Pain Killers: The Most Common Form of Prescription Drug Abuse

January 28, 2011

in Prescription Drug Abuse

Pain killers are one of the most widely prescribed drugs in America today. They are given for almost every kind of pain from menstrual pain to pain associated with certain diseases such as cancer, multiple sclerosis, and so on. Pain killers, also known as analgesics and pain relievers, can be highly addictive, and when mixed with other drugs can lead to fatal overdoses.

Most abused pain killers

Drugs such as Oxycontin, Vicodin, etc. are used to alleviate physical pain, while Valium and other anti-anxiety drugs are prescribed to treat panic attacks, symptoms of alcohol withdrawal, insomnia, and a host of other anxiety disorders. These drugs work great when used on a temporary basis, especially for people who have suffered severe injury or are recovering from surgical procedures. However, for people who are coping with severe emotional issues such as the death of a spouse, kid or even separation from one’s partner, these drugs are often misused to the level of abuse.

In a 2003 survey by the National Survey on Drug Use and Health, it was revealed that around 4.7 million people in America abused over the counter prescription drugs. Around 2.5 million were reported as having misused opioids such as oxycodone, morphine and hydrocodone.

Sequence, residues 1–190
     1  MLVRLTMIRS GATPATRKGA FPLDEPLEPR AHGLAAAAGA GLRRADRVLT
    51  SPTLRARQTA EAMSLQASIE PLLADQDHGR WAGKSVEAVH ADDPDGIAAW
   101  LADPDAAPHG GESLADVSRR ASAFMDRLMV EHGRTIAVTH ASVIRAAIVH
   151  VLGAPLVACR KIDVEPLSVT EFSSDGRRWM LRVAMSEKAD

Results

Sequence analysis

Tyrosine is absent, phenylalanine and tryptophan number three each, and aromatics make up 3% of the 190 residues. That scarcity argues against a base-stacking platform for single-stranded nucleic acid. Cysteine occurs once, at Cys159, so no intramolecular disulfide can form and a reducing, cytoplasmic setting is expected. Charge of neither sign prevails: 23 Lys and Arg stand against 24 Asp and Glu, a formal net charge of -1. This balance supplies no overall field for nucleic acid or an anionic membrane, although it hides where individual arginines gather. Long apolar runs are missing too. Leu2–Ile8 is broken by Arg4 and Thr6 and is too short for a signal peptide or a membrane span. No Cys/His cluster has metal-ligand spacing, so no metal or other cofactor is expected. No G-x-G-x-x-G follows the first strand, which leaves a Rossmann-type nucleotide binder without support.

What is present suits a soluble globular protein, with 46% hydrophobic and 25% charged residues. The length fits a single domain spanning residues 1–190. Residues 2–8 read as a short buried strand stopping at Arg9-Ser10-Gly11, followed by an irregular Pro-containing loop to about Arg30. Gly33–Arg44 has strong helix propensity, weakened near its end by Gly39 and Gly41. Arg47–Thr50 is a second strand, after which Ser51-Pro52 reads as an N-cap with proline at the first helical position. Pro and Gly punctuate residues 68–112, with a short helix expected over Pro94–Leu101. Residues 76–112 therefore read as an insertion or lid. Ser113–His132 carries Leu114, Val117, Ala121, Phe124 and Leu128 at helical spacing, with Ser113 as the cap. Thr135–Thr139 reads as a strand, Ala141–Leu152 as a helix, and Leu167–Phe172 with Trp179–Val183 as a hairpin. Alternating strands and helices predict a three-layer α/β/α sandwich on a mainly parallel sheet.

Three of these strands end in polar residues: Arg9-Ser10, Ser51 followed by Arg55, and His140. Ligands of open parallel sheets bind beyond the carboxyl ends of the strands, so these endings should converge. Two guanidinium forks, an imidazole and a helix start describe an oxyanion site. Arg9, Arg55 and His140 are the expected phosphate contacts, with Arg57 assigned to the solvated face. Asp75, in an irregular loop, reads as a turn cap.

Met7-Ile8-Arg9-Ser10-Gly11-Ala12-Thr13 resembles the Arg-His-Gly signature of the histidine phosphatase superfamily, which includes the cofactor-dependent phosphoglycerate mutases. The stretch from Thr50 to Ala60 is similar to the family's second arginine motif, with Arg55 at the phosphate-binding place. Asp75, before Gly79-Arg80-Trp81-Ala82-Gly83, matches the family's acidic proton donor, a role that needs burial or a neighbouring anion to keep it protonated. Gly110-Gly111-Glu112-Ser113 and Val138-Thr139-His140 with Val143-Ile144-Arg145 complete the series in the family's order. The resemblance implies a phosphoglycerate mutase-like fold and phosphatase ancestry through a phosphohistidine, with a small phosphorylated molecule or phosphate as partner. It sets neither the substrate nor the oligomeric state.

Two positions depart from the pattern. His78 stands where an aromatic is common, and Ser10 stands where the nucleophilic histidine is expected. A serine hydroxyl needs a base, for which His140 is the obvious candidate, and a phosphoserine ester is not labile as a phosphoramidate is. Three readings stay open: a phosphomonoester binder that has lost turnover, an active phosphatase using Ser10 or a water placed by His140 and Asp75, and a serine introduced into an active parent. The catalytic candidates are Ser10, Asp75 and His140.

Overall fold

Big reasons for pain killer abuse

People who are abusing pain killers find it difficult to differentiate between using as a means to cope with problems and using as a way to relieve pain. An easy way to tell if someone is abusing painkillers is to monitor the person for usage even after his or her pain is relieved. Abusers are unable to stop and may require the intervention of a professional to break the habit. The role of family members is also crucial in the prevention of drug abuse. Each member should be briefed on the prescribed use and potential dangers of pain killers, especially if the patient has a previous history of drug abuse. As for parents, pain killers and other prescription drugs should always be kept away from the reach of children and teenagers since easy access to these medications can potentially cause kids to become abusers.

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